ECPR

Install the app

Install this application on your home screen for quick and easy access when you’re on the go.

Just tap Share then “Add to Home Screen”

ECPR

Install the app

Install this application on your home screen for quick and easy access when you’re on the go.

Just tap Share then “Add to Home Screen”

Back to Paper Details

Competing for Africa? National Political Parties, European Development Policy, and the Chinese 'Invasion' of Africa

Yannis Karagiannis
Institut Barcelona d'Estudis Internacionals – IBEI
Yannis Karagiannis
Institut Barcelona d'Estudis Internacionals – IBEI

Abstract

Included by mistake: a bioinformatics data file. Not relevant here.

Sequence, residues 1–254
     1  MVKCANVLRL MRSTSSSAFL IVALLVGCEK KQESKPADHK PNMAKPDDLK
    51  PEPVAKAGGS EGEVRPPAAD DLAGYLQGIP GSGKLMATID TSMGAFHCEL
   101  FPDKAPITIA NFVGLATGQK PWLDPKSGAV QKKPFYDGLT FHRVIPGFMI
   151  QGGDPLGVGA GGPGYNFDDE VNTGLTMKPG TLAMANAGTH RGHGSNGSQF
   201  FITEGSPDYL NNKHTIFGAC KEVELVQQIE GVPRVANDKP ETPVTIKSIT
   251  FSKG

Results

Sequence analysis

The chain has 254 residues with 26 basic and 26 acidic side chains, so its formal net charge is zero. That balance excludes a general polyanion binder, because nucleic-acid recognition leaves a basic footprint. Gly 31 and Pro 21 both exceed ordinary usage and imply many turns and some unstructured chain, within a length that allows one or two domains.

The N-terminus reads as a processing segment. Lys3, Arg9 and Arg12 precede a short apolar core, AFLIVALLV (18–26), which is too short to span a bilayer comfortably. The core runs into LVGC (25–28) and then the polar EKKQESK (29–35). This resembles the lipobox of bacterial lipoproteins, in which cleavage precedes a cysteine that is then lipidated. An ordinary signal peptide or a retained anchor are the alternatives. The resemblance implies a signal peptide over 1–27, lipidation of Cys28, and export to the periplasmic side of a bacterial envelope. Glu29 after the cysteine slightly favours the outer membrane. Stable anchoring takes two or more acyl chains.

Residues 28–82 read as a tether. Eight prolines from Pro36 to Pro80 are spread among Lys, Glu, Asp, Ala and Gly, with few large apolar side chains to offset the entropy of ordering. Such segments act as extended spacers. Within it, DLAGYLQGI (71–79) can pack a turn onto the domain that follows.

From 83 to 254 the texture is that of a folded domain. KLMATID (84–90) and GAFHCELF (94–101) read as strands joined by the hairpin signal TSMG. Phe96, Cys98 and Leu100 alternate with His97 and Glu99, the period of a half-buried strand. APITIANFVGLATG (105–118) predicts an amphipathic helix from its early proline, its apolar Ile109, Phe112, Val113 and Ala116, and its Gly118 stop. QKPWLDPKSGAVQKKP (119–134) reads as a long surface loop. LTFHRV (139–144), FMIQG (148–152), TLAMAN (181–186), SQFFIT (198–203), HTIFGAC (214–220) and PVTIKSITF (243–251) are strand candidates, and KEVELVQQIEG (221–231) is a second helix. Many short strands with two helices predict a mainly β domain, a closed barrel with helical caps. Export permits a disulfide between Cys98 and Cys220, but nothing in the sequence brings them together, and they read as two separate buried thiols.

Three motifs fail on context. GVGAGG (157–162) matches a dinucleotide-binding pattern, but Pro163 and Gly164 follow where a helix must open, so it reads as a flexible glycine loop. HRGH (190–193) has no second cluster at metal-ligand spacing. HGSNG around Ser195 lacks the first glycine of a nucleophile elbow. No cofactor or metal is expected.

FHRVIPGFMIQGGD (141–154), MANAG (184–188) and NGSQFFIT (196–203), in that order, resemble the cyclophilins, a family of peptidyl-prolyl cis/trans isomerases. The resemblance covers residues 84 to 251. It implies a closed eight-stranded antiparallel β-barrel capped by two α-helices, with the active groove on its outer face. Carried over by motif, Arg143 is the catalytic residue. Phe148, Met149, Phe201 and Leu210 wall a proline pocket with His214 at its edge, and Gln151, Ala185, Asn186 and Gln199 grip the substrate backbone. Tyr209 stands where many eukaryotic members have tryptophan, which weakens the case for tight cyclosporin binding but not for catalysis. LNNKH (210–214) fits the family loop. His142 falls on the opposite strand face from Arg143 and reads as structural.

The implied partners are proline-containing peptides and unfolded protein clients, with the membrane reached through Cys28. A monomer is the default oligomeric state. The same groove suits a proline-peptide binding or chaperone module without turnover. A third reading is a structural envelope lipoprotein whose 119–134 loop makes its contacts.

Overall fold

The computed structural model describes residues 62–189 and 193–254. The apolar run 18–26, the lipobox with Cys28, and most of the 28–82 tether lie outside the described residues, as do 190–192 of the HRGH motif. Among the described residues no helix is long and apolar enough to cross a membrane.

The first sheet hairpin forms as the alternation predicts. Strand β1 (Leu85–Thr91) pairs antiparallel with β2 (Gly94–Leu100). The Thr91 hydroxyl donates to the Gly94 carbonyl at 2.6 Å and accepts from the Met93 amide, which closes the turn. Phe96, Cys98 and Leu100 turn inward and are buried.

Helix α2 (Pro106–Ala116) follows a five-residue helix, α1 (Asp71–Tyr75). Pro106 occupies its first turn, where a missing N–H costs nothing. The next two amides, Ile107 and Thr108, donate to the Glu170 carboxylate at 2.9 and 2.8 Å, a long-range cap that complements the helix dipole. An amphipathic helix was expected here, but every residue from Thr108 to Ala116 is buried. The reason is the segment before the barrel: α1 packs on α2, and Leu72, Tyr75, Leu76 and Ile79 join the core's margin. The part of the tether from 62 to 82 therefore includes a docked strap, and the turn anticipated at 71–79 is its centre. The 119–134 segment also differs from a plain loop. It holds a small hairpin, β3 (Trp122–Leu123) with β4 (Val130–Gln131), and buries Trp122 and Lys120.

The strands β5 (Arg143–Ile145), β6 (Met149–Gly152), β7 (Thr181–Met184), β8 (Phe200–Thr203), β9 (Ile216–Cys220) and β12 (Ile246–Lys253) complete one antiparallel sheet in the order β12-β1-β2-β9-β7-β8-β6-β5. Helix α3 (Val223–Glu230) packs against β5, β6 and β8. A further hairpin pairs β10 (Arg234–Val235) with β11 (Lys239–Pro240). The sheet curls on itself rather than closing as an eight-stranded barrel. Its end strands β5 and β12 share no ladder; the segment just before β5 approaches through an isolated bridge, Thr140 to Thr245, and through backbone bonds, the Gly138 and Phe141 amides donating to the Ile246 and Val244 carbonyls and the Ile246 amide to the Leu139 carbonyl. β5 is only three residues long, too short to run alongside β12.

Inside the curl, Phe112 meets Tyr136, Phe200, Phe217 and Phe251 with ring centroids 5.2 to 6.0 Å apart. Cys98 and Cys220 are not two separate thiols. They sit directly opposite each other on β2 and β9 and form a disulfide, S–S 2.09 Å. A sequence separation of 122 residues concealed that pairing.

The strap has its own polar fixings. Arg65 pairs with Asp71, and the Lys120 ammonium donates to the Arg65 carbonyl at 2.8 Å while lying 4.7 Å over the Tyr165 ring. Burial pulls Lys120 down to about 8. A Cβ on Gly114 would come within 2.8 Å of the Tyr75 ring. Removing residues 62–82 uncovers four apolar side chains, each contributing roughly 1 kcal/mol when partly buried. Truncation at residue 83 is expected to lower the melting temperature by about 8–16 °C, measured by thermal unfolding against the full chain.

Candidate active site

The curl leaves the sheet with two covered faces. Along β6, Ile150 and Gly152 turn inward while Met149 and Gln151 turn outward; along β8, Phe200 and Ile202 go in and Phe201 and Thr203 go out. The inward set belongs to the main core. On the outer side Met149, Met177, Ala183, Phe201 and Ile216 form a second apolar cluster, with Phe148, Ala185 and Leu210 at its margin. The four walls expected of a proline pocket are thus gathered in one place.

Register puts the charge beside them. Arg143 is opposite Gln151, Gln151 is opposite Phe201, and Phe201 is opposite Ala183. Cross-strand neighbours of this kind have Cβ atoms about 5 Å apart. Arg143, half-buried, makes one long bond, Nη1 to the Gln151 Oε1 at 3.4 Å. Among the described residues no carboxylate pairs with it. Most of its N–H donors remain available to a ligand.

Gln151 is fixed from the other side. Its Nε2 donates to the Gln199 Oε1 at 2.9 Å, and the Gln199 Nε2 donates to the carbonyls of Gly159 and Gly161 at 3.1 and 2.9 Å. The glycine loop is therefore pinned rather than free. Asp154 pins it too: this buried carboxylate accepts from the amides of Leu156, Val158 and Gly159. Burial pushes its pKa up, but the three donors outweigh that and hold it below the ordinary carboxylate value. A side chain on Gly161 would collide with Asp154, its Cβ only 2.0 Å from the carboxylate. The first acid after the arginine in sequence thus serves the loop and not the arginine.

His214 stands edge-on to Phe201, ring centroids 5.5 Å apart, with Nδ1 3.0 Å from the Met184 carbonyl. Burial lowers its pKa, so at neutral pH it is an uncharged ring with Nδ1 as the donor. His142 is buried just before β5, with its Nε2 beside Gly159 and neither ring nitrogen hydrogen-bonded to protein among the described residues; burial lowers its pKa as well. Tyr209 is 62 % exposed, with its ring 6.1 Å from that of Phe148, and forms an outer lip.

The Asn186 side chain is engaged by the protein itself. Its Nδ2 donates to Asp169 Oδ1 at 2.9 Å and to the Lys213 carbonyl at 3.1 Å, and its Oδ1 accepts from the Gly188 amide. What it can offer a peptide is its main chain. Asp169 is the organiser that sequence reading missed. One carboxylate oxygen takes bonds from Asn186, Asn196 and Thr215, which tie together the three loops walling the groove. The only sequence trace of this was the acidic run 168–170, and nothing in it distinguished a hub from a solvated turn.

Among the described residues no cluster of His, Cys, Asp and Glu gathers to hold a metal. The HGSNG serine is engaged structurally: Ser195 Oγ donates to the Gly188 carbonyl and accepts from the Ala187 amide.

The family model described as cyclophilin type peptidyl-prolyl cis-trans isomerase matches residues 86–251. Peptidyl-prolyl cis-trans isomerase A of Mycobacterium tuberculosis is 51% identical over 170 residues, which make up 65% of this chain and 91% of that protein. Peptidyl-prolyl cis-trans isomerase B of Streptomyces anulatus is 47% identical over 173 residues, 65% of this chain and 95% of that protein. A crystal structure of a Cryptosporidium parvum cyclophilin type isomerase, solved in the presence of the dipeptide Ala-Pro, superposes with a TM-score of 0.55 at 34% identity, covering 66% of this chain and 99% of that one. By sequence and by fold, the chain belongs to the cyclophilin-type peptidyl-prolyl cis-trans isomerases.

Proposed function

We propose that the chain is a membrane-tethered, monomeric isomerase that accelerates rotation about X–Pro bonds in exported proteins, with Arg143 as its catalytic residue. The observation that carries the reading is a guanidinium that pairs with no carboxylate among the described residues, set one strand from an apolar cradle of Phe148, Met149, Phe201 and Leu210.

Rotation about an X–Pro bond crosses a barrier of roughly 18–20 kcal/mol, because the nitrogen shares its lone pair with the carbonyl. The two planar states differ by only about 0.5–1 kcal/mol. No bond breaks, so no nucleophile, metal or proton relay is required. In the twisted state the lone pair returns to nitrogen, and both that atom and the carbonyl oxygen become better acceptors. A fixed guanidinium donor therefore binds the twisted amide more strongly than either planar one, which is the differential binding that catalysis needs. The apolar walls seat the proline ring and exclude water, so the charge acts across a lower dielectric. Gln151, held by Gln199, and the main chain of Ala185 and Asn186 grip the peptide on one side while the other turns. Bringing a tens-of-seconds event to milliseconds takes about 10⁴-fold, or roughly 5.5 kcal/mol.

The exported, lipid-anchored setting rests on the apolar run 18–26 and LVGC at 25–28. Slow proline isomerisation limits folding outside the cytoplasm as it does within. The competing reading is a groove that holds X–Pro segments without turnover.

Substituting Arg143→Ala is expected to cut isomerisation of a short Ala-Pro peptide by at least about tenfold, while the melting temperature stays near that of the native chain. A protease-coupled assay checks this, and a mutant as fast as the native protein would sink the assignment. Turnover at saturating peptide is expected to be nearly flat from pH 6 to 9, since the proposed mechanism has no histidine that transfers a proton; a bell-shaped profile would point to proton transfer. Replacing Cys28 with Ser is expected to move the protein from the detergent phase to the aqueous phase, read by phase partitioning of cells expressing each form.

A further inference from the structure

When a monopolist observes that a new entrant is making significant inroads in his market, he usually takes reacts by either becoming more competitive (e.g. lowering his prices) or by seeking to erect more dissuasive barriers to entry (e.g. signing long-term exclusive contracts). Does the same logic apply to international politics, and more specifically to the relation between the European Union and Africa? Does the recent "invasion" of Africa by Chinese interests lead to calls for the European Commission to take a more competitive stance, for example my relaxing its conditionality criteria? To answer these questions, I compare the electoral manifestos of both centre-left and centre-right parties in seven European countries (Belgium, France, Greece, Ireland, Spain, Portugal, and United Kingdom) since the mid-1990s (n=68). My goal is to test whether political ideology, national economic interests in Africa, or degree of support for European integration are good predictors for a national party's calls for more action by the European Commission in the great geopolitical game of influence in Africa.